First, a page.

Harrisburg, PA – The Department of State announced that a new law now in effect will provide greater flexibility for individuals with professional and occupational licenses from other states and countries who wish to become licensed to practice in Pennsylvania.
"Act 41 of 2019 will help people with professional and occupational licenses granted elsewhere, to obtain the Pennsylvania licensure they need to continue their careers in the commonwealth," Acting Secretary of State Kathy Boockvar said. "For example, this law will be especially helpful for members of the military and their spouses who frequently move from state to state but often find it difficult and time-consuming to obtain licensure in their new state."
The General Assembly passed the measure with overwhelming bipartisan support and Governor Wolf, who has
championed licensing reform, signed it into law on July 1.
Most of the 29 licensing boards and commissions under the Department of State's Bureau of Professional and Occupational Affairs already have
reciprocity and endorsement procedures for consideration of applicants licensed in another state, territory or country.
Act 41 will allow boards to consider, on a case-by-case basis, applications that do not meet the current requirements for licensure by endorsement or reciprocity. Such consideration will examine whether the applicant holds a license in a state or country that imposes standards substantially equivalent to Pennsylvania's requirements for licensure. The license must be in good standing and the applicant must be able to demonstrate competency in their occupation or profession.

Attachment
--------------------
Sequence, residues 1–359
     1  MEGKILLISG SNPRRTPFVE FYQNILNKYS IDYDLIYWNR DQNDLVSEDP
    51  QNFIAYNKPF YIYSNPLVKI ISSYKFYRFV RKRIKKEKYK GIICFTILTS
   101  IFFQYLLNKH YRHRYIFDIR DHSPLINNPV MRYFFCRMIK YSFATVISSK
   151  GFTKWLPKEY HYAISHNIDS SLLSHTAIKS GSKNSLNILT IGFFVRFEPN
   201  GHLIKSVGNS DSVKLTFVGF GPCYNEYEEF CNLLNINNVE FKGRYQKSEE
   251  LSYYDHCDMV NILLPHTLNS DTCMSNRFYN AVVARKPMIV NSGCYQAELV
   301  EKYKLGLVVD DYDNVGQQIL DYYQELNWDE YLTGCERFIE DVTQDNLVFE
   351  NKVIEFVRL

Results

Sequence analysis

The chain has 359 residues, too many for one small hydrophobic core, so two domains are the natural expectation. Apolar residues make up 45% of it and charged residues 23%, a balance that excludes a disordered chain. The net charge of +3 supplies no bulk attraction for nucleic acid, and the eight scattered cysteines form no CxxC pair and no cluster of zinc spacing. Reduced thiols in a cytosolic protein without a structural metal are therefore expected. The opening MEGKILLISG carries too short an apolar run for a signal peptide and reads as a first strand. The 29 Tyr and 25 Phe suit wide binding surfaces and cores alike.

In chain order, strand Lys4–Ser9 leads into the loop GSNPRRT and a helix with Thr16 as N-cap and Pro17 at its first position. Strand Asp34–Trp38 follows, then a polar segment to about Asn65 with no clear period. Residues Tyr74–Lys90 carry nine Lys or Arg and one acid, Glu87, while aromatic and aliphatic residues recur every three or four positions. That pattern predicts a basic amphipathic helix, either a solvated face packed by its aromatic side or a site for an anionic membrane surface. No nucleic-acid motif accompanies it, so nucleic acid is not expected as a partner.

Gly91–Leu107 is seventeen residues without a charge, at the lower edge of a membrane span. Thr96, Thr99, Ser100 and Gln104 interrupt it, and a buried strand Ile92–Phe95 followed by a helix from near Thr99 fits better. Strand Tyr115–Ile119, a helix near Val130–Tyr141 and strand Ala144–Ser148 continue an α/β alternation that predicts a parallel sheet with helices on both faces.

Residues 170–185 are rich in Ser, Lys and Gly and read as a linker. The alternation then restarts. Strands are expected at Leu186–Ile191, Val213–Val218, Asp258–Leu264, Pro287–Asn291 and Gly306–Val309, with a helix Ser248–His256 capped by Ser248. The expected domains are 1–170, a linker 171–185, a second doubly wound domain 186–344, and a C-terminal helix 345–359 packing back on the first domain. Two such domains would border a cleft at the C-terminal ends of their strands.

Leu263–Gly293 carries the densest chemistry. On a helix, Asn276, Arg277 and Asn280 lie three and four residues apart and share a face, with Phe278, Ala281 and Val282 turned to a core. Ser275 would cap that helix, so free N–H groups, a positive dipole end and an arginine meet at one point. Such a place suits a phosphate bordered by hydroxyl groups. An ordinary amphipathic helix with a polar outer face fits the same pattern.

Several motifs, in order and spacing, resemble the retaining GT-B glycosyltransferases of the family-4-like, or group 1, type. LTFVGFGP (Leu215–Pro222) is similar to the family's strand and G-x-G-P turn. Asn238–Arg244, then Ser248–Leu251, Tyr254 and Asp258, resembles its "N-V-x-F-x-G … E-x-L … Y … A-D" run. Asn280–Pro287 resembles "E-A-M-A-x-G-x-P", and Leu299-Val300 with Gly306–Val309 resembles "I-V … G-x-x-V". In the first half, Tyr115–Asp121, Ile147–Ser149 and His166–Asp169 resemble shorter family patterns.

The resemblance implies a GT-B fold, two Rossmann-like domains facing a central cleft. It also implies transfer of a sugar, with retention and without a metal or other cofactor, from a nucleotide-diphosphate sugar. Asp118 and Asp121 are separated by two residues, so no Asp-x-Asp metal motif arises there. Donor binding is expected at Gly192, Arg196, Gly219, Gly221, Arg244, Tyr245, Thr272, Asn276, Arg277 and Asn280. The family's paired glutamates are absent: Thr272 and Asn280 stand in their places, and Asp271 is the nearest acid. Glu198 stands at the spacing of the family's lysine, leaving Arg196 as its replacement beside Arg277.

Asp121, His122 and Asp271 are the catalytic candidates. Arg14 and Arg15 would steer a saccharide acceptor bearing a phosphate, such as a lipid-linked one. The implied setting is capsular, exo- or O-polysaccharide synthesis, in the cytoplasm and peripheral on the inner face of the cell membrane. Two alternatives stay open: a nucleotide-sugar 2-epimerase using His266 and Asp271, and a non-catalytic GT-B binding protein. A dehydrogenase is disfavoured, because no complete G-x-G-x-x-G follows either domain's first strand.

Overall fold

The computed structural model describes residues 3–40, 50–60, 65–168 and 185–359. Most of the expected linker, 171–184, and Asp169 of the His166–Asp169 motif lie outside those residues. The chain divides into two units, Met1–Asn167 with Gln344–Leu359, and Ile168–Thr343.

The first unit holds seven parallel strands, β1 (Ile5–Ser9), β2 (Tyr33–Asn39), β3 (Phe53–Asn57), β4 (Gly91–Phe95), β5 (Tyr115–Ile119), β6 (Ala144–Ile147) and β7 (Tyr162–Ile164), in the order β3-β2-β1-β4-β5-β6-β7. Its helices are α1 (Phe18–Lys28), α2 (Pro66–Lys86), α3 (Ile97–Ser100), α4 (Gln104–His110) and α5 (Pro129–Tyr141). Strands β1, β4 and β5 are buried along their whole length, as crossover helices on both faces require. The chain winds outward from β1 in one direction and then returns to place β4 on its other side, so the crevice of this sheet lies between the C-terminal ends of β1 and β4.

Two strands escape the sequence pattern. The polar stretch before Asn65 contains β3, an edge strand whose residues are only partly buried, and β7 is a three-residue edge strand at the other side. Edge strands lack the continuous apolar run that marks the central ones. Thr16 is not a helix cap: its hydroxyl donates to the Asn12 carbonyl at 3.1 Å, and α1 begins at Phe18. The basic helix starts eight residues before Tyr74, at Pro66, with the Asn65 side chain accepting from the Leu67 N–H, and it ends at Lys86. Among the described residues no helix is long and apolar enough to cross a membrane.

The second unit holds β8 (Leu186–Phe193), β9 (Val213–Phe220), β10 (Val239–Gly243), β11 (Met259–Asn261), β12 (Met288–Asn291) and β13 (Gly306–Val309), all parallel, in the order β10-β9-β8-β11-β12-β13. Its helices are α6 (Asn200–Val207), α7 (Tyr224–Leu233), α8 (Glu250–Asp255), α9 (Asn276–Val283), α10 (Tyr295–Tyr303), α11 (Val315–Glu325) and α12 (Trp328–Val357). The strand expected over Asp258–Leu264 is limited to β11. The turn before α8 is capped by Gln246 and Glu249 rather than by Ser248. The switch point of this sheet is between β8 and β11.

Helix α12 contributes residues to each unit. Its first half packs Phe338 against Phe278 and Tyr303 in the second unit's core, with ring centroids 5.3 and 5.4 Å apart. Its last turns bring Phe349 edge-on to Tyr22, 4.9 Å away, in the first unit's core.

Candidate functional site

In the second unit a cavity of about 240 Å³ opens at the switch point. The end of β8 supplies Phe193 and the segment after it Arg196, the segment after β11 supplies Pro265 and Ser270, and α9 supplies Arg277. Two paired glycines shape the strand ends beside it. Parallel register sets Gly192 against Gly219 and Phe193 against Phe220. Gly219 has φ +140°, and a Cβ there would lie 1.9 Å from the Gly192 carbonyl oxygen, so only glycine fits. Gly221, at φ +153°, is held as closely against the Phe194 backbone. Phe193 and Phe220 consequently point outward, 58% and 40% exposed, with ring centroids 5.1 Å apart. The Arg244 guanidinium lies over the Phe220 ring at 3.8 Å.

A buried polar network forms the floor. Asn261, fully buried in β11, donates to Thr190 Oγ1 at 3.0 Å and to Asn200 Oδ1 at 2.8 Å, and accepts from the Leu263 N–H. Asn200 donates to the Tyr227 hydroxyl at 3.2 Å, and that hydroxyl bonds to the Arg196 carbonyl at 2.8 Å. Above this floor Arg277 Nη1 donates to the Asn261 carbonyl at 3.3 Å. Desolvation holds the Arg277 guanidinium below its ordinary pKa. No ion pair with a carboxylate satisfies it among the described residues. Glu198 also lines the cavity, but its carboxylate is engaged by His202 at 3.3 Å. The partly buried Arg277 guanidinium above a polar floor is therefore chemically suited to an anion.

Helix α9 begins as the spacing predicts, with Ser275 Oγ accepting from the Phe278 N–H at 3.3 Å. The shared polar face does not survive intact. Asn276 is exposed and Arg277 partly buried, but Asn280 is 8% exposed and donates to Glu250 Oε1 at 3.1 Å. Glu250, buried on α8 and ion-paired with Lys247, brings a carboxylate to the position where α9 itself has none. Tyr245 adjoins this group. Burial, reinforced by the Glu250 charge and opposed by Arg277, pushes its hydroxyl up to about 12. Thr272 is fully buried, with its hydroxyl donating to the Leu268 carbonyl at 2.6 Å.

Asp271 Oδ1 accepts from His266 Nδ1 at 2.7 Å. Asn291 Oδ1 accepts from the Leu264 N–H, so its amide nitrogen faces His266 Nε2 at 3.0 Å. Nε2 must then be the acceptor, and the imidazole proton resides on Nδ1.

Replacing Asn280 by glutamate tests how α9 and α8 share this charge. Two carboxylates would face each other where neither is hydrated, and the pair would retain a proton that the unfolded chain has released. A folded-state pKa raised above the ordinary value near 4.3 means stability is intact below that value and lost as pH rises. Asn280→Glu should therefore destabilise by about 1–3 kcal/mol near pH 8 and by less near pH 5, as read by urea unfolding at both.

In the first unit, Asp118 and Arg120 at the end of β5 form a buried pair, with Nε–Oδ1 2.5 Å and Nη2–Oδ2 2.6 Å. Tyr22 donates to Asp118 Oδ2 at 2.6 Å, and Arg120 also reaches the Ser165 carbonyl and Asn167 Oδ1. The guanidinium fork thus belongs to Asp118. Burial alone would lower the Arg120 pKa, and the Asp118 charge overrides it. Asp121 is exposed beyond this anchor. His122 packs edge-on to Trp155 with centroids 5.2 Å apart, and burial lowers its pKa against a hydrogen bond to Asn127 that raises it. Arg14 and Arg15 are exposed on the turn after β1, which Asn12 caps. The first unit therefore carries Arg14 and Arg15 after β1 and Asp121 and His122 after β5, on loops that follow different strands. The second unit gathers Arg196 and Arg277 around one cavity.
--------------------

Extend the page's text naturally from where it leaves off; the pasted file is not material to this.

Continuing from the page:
Boards also will have the option of issuing provisional licenses to applicants who do not initially satisfy all of Act 41's requirements. If granted, a provisional license would allow the applicant to practice their profession for a limited time while they fulfill additional requirements.
Under the new law, applications for endorsement and reciprocity through the
Pennsylvania Licensing System (PALS) will also be considered under the provisions of Act 41.
The licensing boards and commissions have 18 months, until Feb. 28, 2021, to develop and implement regulations and procedures for processing applications under Act 41. In the meantime, application review subcommittees for each board will consider whether out-of-state or foreign licensees meet the standards for reciprocity, endorsement or Act 41. The subcommittees will then make their recommendations to the boards. On average, the licensing boards meet every eight to 12 weeks to act on licensure applications.
"Professionals with occupational licenses from elsewhere who don't meet existing requirements for licensure by reciprocity or endorsement now have another avenue for pursuing the license they need to practice their profession in the commonwealth," Secretary Boockvar said. "Ultimately, that's good for the Pennsylvania economy and for Pennsylvania consumers."
For more information on Act 41, visit
the department's website.
MEDIA CONTACT: Wanda Murren, 717-783-1621
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